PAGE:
Film: 10783

Feature Drama | 1950 | Sound | B/W


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An improbable concoction of film noir and born-again Christian proselytizing, the film tells the story of how Jim Vaus becomes ever more deeply embroiled in the Los Angeles underworld, as he allows a corrupt District Attorney and local gangsters to hire his expertise in electronics, in an effort to provide for his innocent wife and child; until a chance attendance at a Billy Graham meeting gives him the strength to repent and turn his back on his past. The gangsters, with their sharp suits and big 1950s American cars, are surprisingly convincing; and Billy Graham, appearing towards the end of this reel, is undeniably charismatic.

Gangsters Nick Castro and Al look about in the dark. Wiretapper Jim Vaus stands in front of a window, then turns to inspect something close to the ground. Shots of him looking there and calling out to Nick. He reaches down by the wall and extracts a thin metal tube, a time bomb. The other four men surround Jim. Nick and Al look on, asking Jim if he can defuse it. Three of the men run off, leaving only Jim and Nick; the latter sits on a step to the right, while Jim crouches down and attempts to defuse the bomb. A clock showing six minutes past eleven fades to the image of Jim's wife Alice's head moving restlessly on a hospital pillow. Nick watches on the right, as Jim, with perspiration on his brow, carefully draws a part from the middle of the tube. A closer view shows a clock indicating a quarter to twelve. Shots of Jim's and Nick's anxious faces. Jim's hands cut through two wires. Shots of Nick and Jim looking relieved. They stand either side of the device held up by Jim, Nick saying 'I guess you saved my life, kid'.

Alice, looking exhausted, manages a smile, as a baby's cry is heard. Jim's hand holds a telephone, as we gather that Alice has given birth five minutes ago to a daughter; the camera moves back to show Nick standing beside him, fixing drinks at the bar in corrupt District Attorney Charles Ramsden's house, where Jim sits on a stool, with Al standing behind; Nick advises Jim to buy Alice a present, after betting every cent he has on Grand Lady in the fourth race at Belmont the next day, a race Nick has fixed; Jim accepts a drink, looking more relaxed.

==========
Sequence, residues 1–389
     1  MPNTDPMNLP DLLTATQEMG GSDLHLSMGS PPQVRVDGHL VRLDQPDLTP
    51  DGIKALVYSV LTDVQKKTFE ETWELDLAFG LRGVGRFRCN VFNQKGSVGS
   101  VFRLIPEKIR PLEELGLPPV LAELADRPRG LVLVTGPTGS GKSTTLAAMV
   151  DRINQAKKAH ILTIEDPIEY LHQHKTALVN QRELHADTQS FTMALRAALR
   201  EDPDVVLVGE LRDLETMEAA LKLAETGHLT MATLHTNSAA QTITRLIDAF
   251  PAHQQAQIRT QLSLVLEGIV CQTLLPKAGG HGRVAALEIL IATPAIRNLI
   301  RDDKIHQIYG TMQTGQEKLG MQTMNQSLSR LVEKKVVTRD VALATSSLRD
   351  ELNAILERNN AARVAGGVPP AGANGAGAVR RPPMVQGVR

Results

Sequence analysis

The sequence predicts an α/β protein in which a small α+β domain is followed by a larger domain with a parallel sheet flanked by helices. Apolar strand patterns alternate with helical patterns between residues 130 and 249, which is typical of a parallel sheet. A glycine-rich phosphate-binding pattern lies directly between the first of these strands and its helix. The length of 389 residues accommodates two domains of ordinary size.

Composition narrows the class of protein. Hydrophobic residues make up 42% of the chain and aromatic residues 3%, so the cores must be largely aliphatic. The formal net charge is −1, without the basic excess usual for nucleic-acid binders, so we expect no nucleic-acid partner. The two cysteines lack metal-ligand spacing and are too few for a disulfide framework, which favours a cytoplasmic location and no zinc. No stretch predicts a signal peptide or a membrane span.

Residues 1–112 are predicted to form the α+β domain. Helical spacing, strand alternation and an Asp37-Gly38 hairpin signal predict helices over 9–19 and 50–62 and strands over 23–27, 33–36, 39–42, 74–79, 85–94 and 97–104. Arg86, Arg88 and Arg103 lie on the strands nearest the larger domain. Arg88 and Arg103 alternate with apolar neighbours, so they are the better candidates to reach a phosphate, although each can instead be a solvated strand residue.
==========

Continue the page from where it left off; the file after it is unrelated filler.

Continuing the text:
A neon sign for Benny's Restaurant. The camera moves in on four figures at a table in the corner, eventually concentrating on Tony and Nick, as we hear that Tony has lost on a fixed race, the horse having stumbled coming out of a gate. Jim at the table, who has lost 'three grand' that wasn't his on the race. Nick sips a cup of coffee, trusting that Jim will pay him the money back. Jim tells Nick that he cannot pay the hospital a cent, to which Nick adds: 'You stick with me and I'll have you in velvet'. Tony tells Nick that he is tired of his 'wired' races. The fourth man, Herbie, says that a race can surely be wired at the last moment before the result is given, calling across to Jim that he should invent a method. With Nick sitting to the left, Jim raises his hand to his mouth and thinks. He takes out paper and pen and makes notes. Shots of him pondering and of his sketch of a circuit. Nick tells Jim to stop worrying and passes him enough money to pay the hospital. Jim raises the notes to his eyes, running his fingers over them.

Tony, Nick and Herbie get up and leave the table, while Jim remains writing at the table. They walk away to a cashier's desk by the entrance, while another table of diners is visible in the bottom left corner; two more diners arrive; as the gangsters leave, Nick turns back and calls Jim. Jim looks up. Nick says that they have 'business', and walks towards us, before gunfire is suddenly heard. A body lies on the steps outside the restaurant, while two other men look on; Jim comes out slowly and looks down the road; the camera moves in on him, as he looks down at the body.